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It is essential to teach children that we are all unique in our own ways at a young age. Growing up “different” from the rest of your peers takes immense courage, strength, and resilience. We talked to two authors who wrote type 1 diabetes (T1D)-focused children’s books about why it is important to educate children about T1D.
“Rosie Becomes a Warrior” by Julia Flaherty
Julia Flaherty, who wrote and illustrated “Rosie Becomes a Warrior”, has personally lived with T1D for over 18 years and is heavily involved in the diabetes community. The story is loosely drawn on her own experience of growing up with diabetes and is intended to empower children with T1D to live their happiest and fullest lives. In her story, Rosie, an 8-year-old girl, develops common warning signs of T1D, which eventually leads her to a T1D diagnosis. Rosie now must navigate second grade with T1D and educate her peers about what diabetes is and how she takes care of her diabetes.
When asked why she felt it was important to write a children’s book, Julia shared that she has always dreamed of writing a book because writing is powerful and therapeutic. After the constant isolation that COVID-19 brought to the world, Julia found it vital to still chase her passion and fulfill a dream.
“Rosie Becomes a Warrior” touches on Rosie’s mental health and the significance of having a support system to help manage T1D. Mental health can be hard to navigate at any age, but it can be especially tough as a child. Being able to ask for the appropriate resources and coping tools is essential when dealing with this autoimmune disease, and Rosie sets an example for kids with T1D by being open with her peers.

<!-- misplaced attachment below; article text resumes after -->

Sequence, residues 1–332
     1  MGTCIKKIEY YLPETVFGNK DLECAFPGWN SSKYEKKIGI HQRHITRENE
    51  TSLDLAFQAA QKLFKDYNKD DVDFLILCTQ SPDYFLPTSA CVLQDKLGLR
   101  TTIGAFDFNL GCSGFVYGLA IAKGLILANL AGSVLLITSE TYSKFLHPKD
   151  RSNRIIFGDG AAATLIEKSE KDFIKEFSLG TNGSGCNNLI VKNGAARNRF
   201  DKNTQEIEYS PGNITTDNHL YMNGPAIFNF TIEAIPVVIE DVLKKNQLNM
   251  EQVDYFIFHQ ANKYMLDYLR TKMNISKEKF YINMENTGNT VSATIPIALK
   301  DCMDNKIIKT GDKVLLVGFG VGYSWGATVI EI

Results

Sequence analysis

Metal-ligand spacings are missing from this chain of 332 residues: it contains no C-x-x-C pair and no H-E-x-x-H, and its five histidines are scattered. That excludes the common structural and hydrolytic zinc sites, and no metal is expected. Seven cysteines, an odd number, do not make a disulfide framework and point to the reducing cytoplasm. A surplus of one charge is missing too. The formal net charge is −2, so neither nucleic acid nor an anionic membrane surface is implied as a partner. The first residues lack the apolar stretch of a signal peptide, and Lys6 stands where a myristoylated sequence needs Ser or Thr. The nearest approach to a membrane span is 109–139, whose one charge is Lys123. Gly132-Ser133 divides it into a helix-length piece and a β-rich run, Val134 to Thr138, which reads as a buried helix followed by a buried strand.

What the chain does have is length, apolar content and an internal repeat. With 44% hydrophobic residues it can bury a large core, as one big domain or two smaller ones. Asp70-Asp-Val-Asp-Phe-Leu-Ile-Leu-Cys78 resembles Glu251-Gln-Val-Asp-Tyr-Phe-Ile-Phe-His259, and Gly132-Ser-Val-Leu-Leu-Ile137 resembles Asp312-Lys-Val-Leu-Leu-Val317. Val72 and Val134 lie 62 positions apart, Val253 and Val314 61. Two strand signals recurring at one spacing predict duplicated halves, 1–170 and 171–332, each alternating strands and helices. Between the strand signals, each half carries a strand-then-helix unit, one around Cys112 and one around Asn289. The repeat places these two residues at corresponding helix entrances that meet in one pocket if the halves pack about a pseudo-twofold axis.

Julia hopes that her book shows children that going through a T1D diagnosis doesn’t have to be lonely and that people can continue to live a full and happy life while managing T1D. She also hopes that Rosie’s story can help bring awareness to the warning signs of T1D.
“When I Go Low” by Ginger Vieira and Mike Lawson
Ginger Vieira, who has personally lived with T1D for over 20 years, partnered with fellow T1D community member Mike Lawson to illustrate her book, “When I Go Low.”
“When I Go Low” is about Jax the Cat, who lives with T1D and loves to participate in all the typical children’s activities. Jax goes for a walk throughout town to find other people who live with T1D that can help him explain what it physically feels like when a low blood sugar is coming on.
When asked about the impact she hoped her book would have within the T1D community, Ginger said her biggest hope is that it helps children with diabetes learn how to spot the symptoms of low blood glucose and then put words to those feelings so they can ask for help and treat the low safely and quickly. As a child living with T1D, it is hard to articulate the sense of a low blood sugar, and “When I Go Low” can help children by teaching them how to spot a low in a way that is fun and light and letting them know they’re not alone on this journey of navigating their diabetes.
These books can benefit children with T1D and without T1D, parents, siblings, and classmates by showing kids with T1D how to care and advocate for themselves. Being a child with T1D takes courage, patience and requires growing up faster than other children, but the T1D community will always be there to make things easier.
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